Before closing that deal and signing those papers, a proper home inspection is standard operating procedure. This is the best way to make sure that the house is safe and structurally sound, and that you won’t encounter surprises that will require you to spend a lot more money than what you bargained for.
Keep in mind, though, that even the most experienced, qualified, and highly-recommended home inspector is not a guarantee that you will not encounter a problem in your new house after you have already moved in. A house is made up of multiple systems – roofing, plumbing, electrical, foundations, among others – and each of these was completed by an appropriate specialist; this means an extensively thorough inspection of each of these systems can only be done by the same specialists. And there are home problems that are not readily noticeable.
So without coming off as an annoying and fussy know-it-all, you may want to ensure that your highly qualified home inspector does not overlook any of the following problems that are commonly missed during home inspections; or you may want to hire the appropriate specialists/professionals to check separate systems.
This is the most commonly missed house problem during an inspection. Home inspectors are only required to do a cursory check of the roof using binoculars, or through higher level windows to check the roofing below. The main roof of the house is not thoroughly inspected for torn/missing shingles or popped nails.
Heating, Ventilation, and Air Conditioning (HVAC) System Glitches
HVAC system glitches might be missed by home inspectors because most technicians avoid running the units in adverse conditions – the AC in extreme cold or the heating when the weather is too hot – as doing so might cause damage to the units, especially if the units are not brand new. If the units do end up breaking down even a few days later, after the new homeowners have moved in, the technicians wouldn’t want to be held liable for the damages.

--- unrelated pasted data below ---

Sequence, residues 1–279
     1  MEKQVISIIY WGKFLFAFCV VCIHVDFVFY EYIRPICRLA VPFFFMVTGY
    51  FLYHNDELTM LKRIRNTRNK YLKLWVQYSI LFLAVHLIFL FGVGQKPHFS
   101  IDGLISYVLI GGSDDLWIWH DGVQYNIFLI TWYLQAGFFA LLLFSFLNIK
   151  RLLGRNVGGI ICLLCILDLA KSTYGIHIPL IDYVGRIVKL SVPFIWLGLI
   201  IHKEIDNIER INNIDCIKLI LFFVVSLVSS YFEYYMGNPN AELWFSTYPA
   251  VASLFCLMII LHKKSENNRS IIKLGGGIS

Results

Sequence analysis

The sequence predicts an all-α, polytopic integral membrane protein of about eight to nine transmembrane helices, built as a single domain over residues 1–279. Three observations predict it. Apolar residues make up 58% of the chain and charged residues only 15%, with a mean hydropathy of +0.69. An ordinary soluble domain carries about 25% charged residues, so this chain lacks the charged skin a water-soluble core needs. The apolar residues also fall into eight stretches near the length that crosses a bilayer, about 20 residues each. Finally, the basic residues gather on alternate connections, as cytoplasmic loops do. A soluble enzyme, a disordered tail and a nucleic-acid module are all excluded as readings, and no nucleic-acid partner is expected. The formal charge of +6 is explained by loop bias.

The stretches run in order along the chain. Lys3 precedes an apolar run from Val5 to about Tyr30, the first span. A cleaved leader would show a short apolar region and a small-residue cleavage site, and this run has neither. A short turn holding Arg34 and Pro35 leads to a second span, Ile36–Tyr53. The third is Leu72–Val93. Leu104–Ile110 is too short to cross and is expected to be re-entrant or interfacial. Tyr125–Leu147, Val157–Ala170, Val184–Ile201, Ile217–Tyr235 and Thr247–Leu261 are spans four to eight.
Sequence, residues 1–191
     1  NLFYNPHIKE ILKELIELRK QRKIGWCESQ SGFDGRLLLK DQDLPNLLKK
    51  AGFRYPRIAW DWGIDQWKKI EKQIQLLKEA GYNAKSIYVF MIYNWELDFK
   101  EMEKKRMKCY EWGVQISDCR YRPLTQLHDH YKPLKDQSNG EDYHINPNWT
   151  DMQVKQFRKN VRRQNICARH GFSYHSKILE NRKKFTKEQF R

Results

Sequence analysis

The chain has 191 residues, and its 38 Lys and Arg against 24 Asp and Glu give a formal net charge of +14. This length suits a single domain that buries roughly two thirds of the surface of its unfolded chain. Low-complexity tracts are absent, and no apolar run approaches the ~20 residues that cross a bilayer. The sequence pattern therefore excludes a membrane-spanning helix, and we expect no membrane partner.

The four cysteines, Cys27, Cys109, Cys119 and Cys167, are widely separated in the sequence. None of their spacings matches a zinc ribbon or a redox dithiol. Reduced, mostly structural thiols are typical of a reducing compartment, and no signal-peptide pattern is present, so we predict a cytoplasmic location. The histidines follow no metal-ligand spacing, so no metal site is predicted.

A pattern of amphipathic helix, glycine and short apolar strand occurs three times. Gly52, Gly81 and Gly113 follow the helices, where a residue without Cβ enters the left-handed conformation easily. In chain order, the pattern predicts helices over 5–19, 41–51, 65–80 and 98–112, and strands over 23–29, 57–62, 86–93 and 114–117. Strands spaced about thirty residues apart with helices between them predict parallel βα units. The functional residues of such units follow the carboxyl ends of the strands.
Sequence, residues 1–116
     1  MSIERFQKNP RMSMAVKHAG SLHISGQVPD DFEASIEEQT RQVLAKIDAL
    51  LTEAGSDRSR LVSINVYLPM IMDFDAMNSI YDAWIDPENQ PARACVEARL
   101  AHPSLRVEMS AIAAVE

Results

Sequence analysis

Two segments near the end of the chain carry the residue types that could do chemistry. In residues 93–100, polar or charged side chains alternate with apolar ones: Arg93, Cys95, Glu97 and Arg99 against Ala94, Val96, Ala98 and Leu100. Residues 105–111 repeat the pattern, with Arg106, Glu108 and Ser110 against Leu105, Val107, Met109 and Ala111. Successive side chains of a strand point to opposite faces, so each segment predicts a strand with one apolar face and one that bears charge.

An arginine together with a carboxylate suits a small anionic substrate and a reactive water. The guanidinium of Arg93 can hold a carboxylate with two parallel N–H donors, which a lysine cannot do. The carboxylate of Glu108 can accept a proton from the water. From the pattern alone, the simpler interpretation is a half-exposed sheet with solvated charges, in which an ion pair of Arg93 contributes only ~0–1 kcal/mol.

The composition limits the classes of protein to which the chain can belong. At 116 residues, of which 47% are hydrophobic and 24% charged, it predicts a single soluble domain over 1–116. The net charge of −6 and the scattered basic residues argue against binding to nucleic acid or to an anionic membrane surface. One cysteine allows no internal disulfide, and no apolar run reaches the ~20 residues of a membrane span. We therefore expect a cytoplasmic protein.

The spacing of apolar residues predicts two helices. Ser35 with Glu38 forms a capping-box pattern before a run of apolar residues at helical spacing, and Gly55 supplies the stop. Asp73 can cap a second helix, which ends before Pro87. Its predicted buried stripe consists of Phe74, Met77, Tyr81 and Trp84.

Home inspectors only check if all major appliances work properly when turned on. They do check for refrigerator leaks, an overheating dryer, or a malfunctioning food disposal unit, to name a few. But a complete diagnostic test of every appliance is not required. So defects that often appear after an appliance has been used repeatedly or for a certain amount of time are usually missed.
Busted Windows and Siding
Home inspections only cover major systems of the house, such as the plumbing and electric, and the seller is required to fix any problems discovered in these systems. Other problems, such as damaged windows and siding, that are not covered by the home inspection contract are often taken for granted. As the buyer, you can still have these checked and ask the seller to pay for the repairs.
Carpet-covered Floors and Walls
The aspects of a home that are not in plain sight are not inspected, unless the buyer has the seller’s approval for the home inspector to look behind the carpeting and other affixed facades.
When you find the perfect house to buy for your family, the experience will, of course, be exciting and overwhelming – so much so that you may overlook many structural and/or aesthetic problems that the seller or real estate agent will obviously not point out. The responsible thing to do, as a future homeowner, is to get the home inspected by licensed/certified professionals.